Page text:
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Title: Life After Death Summary: A man's journey through questioning… - Write THIS Now

User: writethisnow (posted by hbttw)
Date: 2007-07-28 23:41
Subject: (no subject)
Security: Public
Music:Imogen Heap - I Megaphone
Tags:week 1
Title: Life After Death
Summary: A man's journey through questioning his "last word".
A/N: This is the first story I've written that wasn't for a class. Please give me criticism, but don't be too harsh :-/. I did it in one stretch and it's pretty simple. Anyways, I hope you like it - I've just been trying to write more as of late. ~675 Word Count.

“Great. Just great,” he thought to himself on that dismal Thursday morning. He felt alone amongst the sea of black fabric and unfamiliar faces as he stood by the gaping hole in the ground.

“Maybe if I close my eyes for a bit and open them again, I won’t be here anymore. This can’t be reality, can it?” he thought as he tightly squeezed his eyelids closed. But, when open, the world was still dismal and he was still there with those strangers looking down into the pit that would be his sister’s new eternal home.

“Is that even deep enough? I told her she should have had me come over to help her with her living will, but no – she had to do it herself,” he ranted on in his head; skimming over the important things that he really needed to think about.

For instance: “Why did she have to die, anyways. She was a much better person than I had ever been and she always seemed to know what to do when it came to people. I, however, am surrounded by extended family members whose names I can’t recollect. It’s cruel world that steals a person like her away and leaves a person like me here. For Christ’s sake! While she was on her deathbed, she asked me if I believed in an afterlife. I should have known that a question like that was coming, but I had not prepared. I stammered, ‘Um,’ and paused for a moment while millions of thoughts raced through my head. How could I have told her that I thought it was a bunch of shit and that after she dies everything good that she did will have done her little good and she will rot away without any life afterwards? But how could I lie and tell her that I believed she was going to live eternally? Energy is always conserved and eternal life is not conserving anything. And there is no such thing as a free lunch. So I had to tell her what I had to tell her, ‘I sure do.’”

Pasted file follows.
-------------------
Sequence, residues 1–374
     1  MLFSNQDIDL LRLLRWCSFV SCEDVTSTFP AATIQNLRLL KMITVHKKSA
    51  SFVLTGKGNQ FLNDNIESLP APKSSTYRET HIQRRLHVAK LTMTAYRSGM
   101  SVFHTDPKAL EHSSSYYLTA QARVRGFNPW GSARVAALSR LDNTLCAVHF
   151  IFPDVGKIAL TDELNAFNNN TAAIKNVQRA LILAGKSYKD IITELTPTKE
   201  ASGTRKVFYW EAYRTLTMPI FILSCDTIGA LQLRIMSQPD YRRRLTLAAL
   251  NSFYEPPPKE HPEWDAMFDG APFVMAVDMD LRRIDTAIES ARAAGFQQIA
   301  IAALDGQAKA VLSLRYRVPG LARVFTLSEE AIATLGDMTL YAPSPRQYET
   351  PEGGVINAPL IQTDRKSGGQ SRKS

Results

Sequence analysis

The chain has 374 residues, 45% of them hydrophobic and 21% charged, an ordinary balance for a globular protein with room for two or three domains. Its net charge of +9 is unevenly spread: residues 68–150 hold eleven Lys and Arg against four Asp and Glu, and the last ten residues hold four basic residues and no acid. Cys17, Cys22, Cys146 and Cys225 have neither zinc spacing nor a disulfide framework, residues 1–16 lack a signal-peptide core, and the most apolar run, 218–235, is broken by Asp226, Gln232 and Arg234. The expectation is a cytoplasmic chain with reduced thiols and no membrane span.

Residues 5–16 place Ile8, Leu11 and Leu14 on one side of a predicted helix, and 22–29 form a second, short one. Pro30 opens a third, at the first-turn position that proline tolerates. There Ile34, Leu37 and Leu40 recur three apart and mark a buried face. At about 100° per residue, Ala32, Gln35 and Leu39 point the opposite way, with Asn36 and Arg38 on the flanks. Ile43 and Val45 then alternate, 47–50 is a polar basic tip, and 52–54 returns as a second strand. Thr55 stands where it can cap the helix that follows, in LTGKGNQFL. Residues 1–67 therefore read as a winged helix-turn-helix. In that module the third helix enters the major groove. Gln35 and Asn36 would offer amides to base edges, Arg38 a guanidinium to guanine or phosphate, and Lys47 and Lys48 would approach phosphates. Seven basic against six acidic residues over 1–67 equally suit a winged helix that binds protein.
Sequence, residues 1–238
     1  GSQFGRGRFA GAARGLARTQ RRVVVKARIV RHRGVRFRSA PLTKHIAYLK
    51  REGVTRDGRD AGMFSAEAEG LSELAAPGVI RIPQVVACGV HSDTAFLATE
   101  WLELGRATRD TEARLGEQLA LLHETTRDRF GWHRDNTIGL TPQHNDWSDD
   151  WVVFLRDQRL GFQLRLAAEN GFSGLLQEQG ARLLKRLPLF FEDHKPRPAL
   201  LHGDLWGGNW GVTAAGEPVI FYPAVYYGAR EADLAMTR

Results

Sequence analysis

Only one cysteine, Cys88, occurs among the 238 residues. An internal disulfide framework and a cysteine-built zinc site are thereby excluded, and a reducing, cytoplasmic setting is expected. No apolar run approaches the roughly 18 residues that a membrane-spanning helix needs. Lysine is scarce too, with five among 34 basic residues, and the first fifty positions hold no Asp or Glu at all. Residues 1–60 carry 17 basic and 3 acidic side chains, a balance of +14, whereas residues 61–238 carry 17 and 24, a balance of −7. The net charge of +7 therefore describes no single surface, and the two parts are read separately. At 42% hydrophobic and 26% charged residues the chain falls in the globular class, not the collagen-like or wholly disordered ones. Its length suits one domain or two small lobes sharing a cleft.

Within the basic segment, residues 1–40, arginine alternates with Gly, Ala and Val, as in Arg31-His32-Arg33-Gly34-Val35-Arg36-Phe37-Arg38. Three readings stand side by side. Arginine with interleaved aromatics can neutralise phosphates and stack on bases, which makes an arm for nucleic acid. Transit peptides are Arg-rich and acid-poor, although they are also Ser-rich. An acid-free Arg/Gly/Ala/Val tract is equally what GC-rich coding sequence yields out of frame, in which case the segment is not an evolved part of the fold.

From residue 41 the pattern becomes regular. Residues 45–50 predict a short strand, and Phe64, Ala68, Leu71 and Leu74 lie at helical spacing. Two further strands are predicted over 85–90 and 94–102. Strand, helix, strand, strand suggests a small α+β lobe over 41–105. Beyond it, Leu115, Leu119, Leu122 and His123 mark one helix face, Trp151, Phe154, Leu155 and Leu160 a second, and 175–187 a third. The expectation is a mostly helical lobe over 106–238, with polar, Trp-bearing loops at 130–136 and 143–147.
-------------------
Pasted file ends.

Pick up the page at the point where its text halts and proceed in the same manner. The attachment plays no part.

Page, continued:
“Will this betrayal of my sister’s trust haunt me for the rest of my life? She asked me a serious question and I gave her a bullshit answer. And I can’t talk with anyone about it. Everyone says things like, “That’s what she needed to hear,” and, “It’s so sweet of you to try to lift her spirits.” She knew just as I that it was a lie, but didn’t have the energy to call me on it. Instead she smirked and said no more. The next day she was dead.”

“Why couldn’t I have planned it out so I could’ve said something that would make me seem collected, but not an asshole?”

The coffin was being lowered into the grave and it was terrifying. The final moment that screamed at him, “You can’t fix what you said! Try to talk your way out of this now! Nobody is listening!”

* * *
The reception left him feeling even emptier than before, with comments from these teary-eyed strangers such as, “Oh Luke, she is without pain now,” and “She’s in a better place now, Luke.”

“I have to get out of here,” he thought. As he walked toward the door, it seemed as if more people were surrounding him, offering their condolences and therapist cards and he quickened his pace until he was almost at a run when he got to the door. He pushed through the ring of smokers and he ran toward the street thinking, “What if I had said something else – anything else,” ignoring the shouts of the people at the house, assuming that they were worried about him, rather than warming him of what was to come.

They shouted, “LUKE, LOOK OUT!” and as he turned to see what was going on, he saw what they wanted him to evade, a large pick-up truck speeding uncontrollably toward him and he thought, “Is this it? Is there life after death?”

The End

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October 2007